The business publication Vedomosti blamed ultranationalists for this act of “desecration.” At the same time, pro-government media either have not paid any attention to this event (Channel One) or explained this as an action of the Moscow City Hall, being a necessary step to clear the pavement of wilted flowers, which prevented the passage of people and vehicles (Rossiyskaya Gazeta).
4. The possibility of jail time for the “denial of Russian aggression”
Russian media spread news that Ukrainian lawmakers were intending to punish “deniers of Russian aggression” in the Donbas. According to preliminary information on this draft law, a “denial of Russian aggression” would lead to a five-year prison term. Details are found in the business publication Kommersant and the Moskovsky Komsomolets, which notes that the initiators of this draft law are Ukrainian nationalists in the parliament, which are headed by Oleg Lyashko.
5. The impact of the Latin American tour of Sergey Lavrov
The Russian Minister of Foreign Affairs this week visited a number of Latin American countries, having reached agreements on not only the strengthening of bilateral relations with Cuba, Colombia, Guatemala and Nicaragua, but also on increasing the role of Russia in multilateral regional institutions.
The business publication Kommersant said that Lavrov went to Latin America to “negotiate” favorable economic and investment projects for Russia, while the official Rossiyskaya Gazeta talks about the strengthening of ties with the region, and particularly notes the importance of Lavrov’s visit to Colombia, traditionally considered as being in the U.S. sphere of influence.
6. The crash of the A320 in France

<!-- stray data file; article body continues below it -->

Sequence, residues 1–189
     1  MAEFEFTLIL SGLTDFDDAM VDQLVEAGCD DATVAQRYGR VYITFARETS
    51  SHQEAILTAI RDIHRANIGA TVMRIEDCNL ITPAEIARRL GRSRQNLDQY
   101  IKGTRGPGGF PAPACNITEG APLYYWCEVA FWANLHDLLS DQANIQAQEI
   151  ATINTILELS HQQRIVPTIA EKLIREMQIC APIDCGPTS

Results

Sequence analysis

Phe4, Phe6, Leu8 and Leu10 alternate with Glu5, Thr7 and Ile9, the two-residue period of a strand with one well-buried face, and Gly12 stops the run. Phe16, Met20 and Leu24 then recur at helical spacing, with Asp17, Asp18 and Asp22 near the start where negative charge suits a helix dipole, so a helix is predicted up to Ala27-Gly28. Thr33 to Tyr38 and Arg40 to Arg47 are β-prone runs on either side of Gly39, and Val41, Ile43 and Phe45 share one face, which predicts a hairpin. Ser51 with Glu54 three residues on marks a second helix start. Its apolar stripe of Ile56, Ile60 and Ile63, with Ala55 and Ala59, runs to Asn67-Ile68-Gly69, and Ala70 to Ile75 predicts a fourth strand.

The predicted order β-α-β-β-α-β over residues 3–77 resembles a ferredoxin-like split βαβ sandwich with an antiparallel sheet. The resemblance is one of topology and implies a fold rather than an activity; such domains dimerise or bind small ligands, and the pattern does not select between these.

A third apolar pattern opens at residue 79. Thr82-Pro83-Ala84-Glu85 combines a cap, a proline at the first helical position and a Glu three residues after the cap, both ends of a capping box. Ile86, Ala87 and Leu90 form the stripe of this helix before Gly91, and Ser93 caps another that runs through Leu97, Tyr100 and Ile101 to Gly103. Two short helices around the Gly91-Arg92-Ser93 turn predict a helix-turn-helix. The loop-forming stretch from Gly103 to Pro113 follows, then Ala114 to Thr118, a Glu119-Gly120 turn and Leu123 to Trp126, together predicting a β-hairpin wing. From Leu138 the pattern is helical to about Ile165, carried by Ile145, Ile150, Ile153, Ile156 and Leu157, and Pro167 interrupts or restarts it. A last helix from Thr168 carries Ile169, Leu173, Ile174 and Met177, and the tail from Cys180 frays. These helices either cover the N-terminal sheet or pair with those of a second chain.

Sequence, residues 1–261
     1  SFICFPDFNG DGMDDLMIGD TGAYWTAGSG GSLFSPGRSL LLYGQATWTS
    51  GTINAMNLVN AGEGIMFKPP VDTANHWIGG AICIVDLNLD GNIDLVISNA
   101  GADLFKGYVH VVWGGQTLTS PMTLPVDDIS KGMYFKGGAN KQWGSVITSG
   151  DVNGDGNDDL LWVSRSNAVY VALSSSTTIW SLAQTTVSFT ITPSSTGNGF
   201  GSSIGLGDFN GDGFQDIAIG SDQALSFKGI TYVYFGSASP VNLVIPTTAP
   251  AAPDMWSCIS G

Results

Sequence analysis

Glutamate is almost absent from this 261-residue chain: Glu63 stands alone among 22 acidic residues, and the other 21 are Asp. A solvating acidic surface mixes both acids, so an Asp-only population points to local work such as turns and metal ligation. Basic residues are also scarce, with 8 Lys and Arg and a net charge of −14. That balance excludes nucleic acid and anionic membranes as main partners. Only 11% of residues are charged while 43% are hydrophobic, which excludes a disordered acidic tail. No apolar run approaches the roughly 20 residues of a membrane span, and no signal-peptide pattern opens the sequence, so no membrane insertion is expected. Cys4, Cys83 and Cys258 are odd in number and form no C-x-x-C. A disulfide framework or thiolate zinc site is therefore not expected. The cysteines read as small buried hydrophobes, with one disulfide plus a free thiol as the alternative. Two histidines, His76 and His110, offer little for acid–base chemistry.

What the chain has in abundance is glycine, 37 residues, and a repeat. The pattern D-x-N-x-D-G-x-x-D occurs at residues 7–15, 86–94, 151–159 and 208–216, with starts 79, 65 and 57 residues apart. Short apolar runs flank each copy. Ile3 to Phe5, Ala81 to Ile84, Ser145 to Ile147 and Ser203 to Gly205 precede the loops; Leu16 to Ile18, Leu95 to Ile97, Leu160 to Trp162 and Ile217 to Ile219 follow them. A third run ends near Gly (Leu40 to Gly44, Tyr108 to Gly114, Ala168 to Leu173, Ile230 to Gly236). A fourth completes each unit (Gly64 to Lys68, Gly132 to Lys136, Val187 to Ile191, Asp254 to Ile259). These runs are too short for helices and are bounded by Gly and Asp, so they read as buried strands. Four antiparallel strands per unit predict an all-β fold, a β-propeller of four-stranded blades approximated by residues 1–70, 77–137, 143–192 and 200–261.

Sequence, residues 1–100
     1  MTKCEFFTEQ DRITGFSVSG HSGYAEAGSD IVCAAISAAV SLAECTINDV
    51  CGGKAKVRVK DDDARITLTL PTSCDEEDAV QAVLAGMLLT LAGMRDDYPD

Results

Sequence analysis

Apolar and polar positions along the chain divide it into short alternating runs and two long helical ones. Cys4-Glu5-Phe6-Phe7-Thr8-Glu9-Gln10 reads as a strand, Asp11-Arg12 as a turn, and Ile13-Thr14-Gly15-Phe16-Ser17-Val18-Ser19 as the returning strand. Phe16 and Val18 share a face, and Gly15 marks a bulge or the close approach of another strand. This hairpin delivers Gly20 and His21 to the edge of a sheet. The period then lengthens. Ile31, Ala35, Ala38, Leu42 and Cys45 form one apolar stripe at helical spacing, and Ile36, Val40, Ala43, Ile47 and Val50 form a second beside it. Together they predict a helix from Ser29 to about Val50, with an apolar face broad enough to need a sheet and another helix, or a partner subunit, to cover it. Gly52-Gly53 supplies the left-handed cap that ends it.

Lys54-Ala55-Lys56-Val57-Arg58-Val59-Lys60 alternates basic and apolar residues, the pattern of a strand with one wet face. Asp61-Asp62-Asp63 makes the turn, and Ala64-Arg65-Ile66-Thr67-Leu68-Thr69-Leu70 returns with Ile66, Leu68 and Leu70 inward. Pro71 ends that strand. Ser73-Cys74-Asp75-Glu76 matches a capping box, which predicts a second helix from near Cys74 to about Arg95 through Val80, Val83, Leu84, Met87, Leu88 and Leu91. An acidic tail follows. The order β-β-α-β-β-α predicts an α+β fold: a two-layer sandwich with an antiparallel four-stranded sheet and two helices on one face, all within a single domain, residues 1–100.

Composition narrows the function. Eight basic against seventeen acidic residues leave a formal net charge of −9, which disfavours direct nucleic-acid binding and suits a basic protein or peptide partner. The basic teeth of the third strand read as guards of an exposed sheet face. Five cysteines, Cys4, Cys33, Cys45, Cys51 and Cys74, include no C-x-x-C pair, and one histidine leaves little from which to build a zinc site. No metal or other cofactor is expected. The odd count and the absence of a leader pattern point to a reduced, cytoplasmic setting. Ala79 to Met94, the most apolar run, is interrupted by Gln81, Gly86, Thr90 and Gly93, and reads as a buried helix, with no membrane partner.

This tragedy in the French Alps has provoked a debate in the Russian media on air safety standards and the need to revise a number of requirements. The independent Slon talks about the psychological problems of pilots and the need to think seriously about the effectiveness of current control mechanisms in the civil aviation business, while Vedomosti wrote that Russian rules do not allow a plane’s cockpit to be manned by just one pilot, something that is considered a very beneficial practice.
Quotes of the week
“The falling out with Kolomoisky is exactly what it looks like – a struggle for money and power in a feudal and corrupt government. Moreover, the fact that the first object of Poroshenko’s attack became the very person who helped his government hold onto what was left of Ukraine’s territorial integrity is at the same time inevitable and disgusting. Inevitable – because on the basis of his patriotism, Kolomoisky rose and turned into a “kingmaker.” Disgusting – because in the midst of a war with an external enemy, one should not become involved in the settling of scores with feudal political rivals.”
“I think that I will not be mistaken if I say that Igor Kolomoisky today is just as much a president of Ukraine, as is Poroshenko. And perhaps even more of a president than Poroshenko.”
“For some it is symbolic that Nemtsov was killed near the Kremlin, but for us, it was symbolic that at this time a cleanup has taken place… the cleaning up of garbage in Russia.”
“We have to turn once again to the hackneyed cliché: the obvious double standards, though of course, we did not want to see this happening in Ukraine, nor wish to see it happening in Yemen. In both cases, people should be moving towards national reconciliation.”